Bolivia: A Model For Sustainable Development?

Bolivian Supreme Court. Image courtesy of Wikipedia

TN Note: Bolivia is the poorest nation in South America, where 45% live in abject poverty. One reason the nation is so poor is because it has been repeatedly plundered by the global elite over the last 40 years. Nevertheless, what better place to implement the 2030 Agenda goal of “Eradicating poverty everywhere”? If if first you don’t succeed, try, try again.

With the adoption of the UN Sustainable Development Goals last week, we have a clear outline for the global political ambitions for the next 15 years. Before we start the discussion about setting national strategies for how to work towards the 17 goals, ranging from hunger and poverty, to climate change and gender inequality, I would like to turn your attention to La Paz, the capital of the poorest country in South America. Here we find inspiration for how to model future sustainable development.

Approximately 45 percent of the Bolivian population lives in poverty (1) and it has the highest rate of illiteracy in the region. In the slums of La Paz, 42 percent of children under five are under- or malnourished (2) . But from this austere foundation a miracle has emerged.

In 2014, the first-ever class of Claus Meyer’s Melting Pot foundation graduated from cooking school and they have been followed by more graduates since. You might recognize the name Claus Meyer, as he is the co-founder of the world renowned restaurant NOMA — which was elected the World’s Best restaurant four times in recent years. Maybe you have also heard that he has been one of the driving forces of the New Nordic Food Movement, which emphasizes the use of local and sustainable foods.

In 2011, he created the Melting Pot Bolivia Foundation, an initiative to enhance future opportunities and improve the quality of life for marginalized people by focusing on food, food craft, and entrepreneurship, applying the principles behind one of the most exclusive and high-end restaurants to one of the poorest countries in the world.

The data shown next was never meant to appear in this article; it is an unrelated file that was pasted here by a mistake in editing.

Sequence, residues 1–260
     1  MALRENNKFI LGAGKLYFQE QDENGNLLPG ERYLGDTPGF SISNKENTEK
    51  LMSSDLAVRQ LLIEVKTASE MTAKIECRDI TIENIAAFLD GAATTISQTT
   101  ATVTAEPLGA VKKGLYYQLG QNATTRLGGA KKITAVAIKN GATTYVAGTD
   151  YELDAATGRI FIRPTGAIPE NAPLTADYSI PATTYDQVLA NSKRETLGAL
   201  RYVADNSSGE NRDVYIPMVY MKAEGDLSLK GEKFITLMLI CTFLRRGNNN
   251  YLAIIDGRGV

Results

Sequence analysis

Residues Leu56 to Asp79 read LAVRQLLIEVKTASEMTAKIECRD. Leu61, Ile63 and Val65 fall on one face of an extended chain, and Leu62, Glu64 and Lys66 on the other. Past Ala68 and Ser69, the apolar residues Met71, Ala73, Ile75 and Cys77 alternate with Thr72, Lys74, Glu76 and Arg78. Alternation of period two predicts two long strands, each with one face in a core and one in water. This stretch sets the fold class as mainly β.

In collaboration with the Danish independent development organization, IBIS, he launched a gourmet restaurant with an integrated cookery school named GUSTU as a socioeconomic venture. Over the next two years an additional 13 micro restaurants will educate more than 3,000 young people in the slum district of El Alto, outside La Paz. The goal is that these initiatives will lift up a new generation of culinary entrepreneurs, foster a Bolivian food movement, and revive a sense of pride in the Bolivian food culture. In 2014, GUSTU was voted the 32nd best restaurant in Latin America by Restaurant Magazine and The Best Restaurant in South America by Como Sur Magazine.

The project in Bolivia is a microcosm of how food can become an entry point for sustainability, health, job-creation, social protection and renewed cultural pride. It shows how food can be a silver bullet to address a range of complex and interconnected challenges and it gives us the recipe for the food systems of tomorrow. Food systems that not only are sustainable and healthy, but also the point of departure for resilient societies.

This case is one of many examples featured in the new publication “EAT in Sustainia” that is launched today. The publication offers a taste of the food systems of tomorrow and provides insights into some of the most innovative opportunities and solutions for creating sustainable and healthy food systems, while simultaneously addressing many of the challenges represented by the SDGs.

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